I might want to name my bass/guitar split "Jaco Pastorius+Esteban", but clearly, even if I call it "JAC+STEVE", I'm still using too many letters!
Kirk Slinkard uses a convention in his commercial banks where he groups voices that are used ONLY as layers of previous sounds at the end of bank (up in the 30-40-ish range).  He puts parentheses around the layer patch name (e.g. "(REVERB)".  I call these patches "parenthetical layers", and its a good convention, especially if you have sounds which exist mostly for the purpose of layering (i.e. they don't stand as well on their own).  Layering two equally powerful standalone sounds don't lend themselves to "parenthetical layer" naming. 

Next time we'll take a look at a few of the other possibilities of patch standardization.

Saturday, May 7, 2011

The caption read "Nancy Faust, who has been the Chicago White Sox’ organist since 1970, is retiring at the end of the season, and fans are not letting her go unnoticed. "

Take a closer look at that keyboard stack to see something else that shouldn't go unnoticed..

Thursday, May 5, 2011


We've loved the adventures of the Packrat for years, and find lots of his situations uncomfortably relatable.
Turns out the sentiment may be mutual...

Follow the ongoing Packrat saga at Dave Lovelace's awesome website, which I hotlinked the above image from without asking permission (hope that's okay, Dave!)

Thursday, April 21, 2011

Mandatory Viewing

If you have the slightest interest in synthesis and haven't seen this video, you'll thank me later:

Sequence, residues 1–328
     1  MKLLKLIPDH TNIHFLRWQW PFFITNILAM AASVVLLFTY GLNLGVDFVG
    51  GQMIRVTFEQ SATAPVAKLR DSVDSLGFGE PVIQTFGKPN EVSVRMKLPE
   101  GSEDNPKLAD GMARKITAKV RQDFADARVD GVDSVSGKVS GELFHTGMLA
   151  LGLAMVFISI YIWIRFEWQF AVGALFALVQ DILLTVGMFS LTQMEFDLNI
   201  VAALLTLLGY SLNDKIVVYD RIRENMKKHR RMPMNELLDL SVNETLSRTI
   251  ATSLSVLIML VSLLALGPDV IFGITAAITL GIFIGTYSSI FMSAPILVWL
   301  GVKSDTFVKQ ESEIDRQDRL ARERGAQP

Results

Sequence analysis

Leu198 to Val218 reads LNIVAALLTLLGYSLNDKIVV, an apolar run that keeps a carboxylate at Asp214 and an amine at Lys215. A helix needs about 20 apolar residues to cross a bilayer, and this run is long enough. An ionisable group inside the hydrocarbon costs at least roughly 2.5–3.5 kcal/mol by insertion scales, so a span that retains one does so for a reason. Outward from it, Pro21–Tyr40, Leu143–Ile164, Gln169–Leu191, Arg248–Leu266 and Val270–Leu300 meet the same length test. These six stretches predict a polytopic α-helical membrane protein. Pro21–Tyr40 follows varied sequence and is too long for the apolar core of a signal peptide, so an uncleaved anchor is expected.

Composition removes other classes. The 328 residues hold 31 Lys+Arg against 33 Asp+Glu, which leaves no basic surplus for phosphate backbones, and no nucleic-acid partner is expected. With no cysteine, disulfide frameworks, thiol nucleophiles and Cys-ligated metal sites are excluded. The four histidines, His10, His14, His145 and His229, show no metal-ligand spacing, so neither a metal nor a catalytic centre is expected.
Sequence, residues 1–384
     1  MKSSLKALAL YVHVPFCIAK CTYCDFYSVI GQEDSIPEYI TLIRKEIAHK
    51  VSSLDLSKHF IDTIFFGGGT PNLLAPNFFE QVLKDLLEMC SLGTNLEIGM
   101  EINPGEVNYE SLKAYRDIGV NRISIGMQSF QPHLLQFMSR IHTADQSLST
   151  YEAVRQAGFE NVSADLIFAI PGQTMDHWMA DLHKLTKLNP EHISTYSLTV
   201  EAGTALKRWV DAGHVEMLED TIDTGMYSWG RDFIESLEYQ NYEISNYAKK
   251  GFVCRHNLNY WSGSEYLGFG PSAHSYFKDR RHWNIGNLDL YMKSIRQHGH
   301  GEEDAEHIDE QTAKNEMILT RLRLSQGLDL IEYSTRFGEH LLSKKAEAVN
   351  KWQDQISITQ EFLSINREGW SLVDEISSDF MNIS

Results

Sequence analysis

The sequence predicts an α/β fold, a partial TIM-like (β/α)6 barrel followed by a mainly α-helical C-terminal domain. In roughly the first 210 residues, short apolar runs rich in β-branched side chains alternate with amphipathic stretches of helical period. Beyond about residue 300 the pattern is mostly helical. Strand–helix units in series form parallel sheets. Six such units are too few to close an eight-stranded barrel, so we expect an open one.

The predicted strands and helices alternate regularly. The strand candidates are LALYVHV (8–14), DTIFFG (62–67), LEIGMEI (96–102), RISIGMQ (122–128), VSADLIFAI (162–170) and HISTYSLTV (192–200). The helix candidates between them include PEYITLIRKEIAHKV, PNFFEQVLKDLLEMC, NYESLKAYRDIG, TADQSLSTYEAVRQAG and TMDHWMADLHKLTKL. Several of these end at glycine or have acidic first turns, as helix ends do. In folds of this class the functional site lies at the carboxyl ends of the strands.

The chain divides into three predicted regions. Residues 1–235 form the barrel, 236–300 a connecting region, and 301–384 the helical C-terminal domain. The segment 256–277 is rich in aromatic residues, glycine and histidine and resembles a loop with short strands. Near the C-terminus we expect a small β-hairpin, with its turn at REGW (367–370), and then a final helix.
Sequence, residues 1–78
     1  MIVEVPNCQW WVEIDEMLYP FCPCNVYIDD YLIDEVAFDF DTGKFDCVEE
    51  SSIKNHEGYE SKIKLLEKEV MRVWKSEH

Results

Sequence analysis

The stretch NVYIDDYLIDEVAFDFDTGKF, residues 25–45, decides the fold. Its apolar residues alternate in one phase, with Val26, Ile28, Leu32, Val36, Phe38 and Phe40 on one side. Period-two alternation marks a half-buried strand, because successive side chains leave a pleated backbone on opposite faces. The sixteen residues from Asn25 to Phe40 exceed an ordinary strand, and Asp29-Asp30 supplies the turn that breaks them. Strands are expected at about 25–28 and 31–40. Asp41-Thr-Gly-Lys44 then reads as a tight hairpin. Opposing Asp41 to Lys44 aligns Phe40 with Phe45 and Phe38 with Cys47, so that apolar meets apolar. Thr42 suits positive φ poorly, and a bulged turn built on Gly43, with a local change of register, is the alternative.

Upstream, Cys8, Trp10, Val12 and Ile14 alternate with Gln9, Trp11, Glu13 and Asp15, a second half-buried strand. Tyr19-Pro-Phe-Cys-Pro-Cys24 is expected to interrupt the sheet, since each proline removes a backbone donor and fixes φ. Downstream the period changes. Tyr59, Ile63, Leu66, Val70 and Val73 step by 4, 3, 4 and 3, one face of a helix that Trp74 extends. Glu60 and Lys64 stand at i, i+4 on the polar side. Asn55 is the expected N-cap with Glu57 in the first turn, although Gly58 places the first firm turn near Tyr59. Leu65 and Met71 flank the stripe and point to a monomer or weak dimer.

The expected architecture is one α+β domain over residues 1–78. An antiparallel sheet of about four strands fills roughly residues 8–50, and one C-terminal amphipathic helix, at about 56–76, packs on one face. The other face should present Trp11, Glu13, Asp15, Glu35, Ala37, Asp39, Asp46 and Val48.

This site was intended to be more than a Rainer Buchty and Kirk Slinkard appreciation society, but it hasn't turned out that way so far. So please excuse my occasional forays into synth hero worship.

Tuesday, January 19, 2010

Score for Sale Gets Pranked (in a GOOD way!)

Kirk Slinkard pulled a pretty good practical joke on me. He sent “scans” of what were very credible pages of the old Transoniq Hacker, with the amazing 3rd article in his Sounds of Trek series (as mentioned in the previous post).

I keyed-in the patches, marveled at the programing, and tossed it in my “To Do” pile to upload and add to the original "Sounds of Trek" article.

Months later--after I posted part 3 in fact--“Civilian Kirk” (as he is called), revealed that he mocked-up the 3rd article. -It was not a Hacker original.

Well, I fell for it. His detailed patch sheets were dead ringers for the old Transoniq Hacker hand-typed table format.

But even if the format was an inside joke, the content itself is pure gold. It's a real article, mind you, with great new patches. It just never appeared in the original Transoniq Hacker.

Needless to say, if I had any idea I was sitting on a new Slinkard article, I never would have sat on it for so long. My apologies to Kirk for the delay, and my apologies to the legions of ESQ/SQ80 users for keeping these sounds from the synth community.

So, I'm proud to host this brand new article by Kirk Slinkard! Many thanks, Kirk, for sharing these great sounds with the ESQ/SQ80 community. Live long and prosper!

PS, these patches work great on the SQ8L VST, too. So everyone can get in on the fun!

Thursday, January 14, 2010

Even More Star Trek Sound Effects for ESQ/SQ80

Veteran sound designer Kirk Slinkard sent me a special third installment (!) of his Star Trek Sound effects series. Which I promptly sat on for several months.

Not for lack of enthusiasm, mind you, as the sounds are amazing. Let's just say I got stuck in my own personal time warp (Cough *college!* cough!)

The wait is over! Go to the Star Trek feature to read the page about the new sounds, and download the bank, updated with 8 additional Star Trek sound effects!

Tuesday, September 15, 2009

Getting Sequences in ESQ/SQ80 Format

Someone recently wrote the SQ80 list asking for sequences of current pop songs. Many gigging musicians consider these sequences their 'bread and butter', as they become the backing tracks of a set list.

Like many of you, I am a DAW based studio musician, so I have no sequences to contribute, but I do have lots of info: